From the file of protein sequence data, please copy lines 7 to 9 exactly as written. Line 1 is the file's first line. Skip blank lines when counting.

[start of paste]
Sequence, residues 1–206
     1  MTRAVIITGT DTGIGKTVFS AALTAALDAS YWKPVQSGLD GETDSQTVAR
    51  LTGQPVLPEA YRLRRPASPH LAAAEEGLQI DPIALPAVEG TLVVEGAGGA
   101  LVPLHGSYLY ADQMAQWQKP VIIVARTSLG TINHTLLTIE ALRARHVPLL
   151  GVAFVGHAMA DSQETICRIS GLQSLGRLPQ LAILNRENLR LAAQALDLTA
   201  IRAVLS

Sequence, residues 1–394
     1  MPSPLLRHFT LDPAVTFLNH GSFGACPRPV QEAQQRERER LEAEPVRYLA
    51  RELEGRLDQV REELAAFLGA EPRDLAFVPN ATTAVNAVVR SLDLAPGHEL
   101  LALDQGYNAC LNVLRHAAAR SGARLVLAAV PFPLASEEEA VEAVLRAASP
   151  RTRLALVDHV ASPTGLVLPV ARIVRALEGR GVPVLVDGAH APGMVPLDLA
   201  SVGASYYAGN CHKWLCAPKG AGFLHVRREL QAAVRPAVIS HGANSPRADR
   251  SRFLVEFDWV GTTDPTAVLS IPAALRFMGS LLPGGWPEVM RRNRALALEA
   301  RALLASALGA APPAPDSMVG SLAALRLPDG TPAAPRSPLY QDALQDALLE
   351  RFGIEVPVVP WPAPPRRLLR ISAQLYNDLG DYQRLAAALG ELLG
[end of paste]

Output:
Sequence, residues 1–394
     1  MPSPLLRHFT LDPAVTFLNH GSFGACPRPV QEAQQRERER LEAEPVRYLA
    51  RELEGRLDQV REELAAFLGA EPRDLAFVPN ATTAVNAVVR SLDLAPGHEL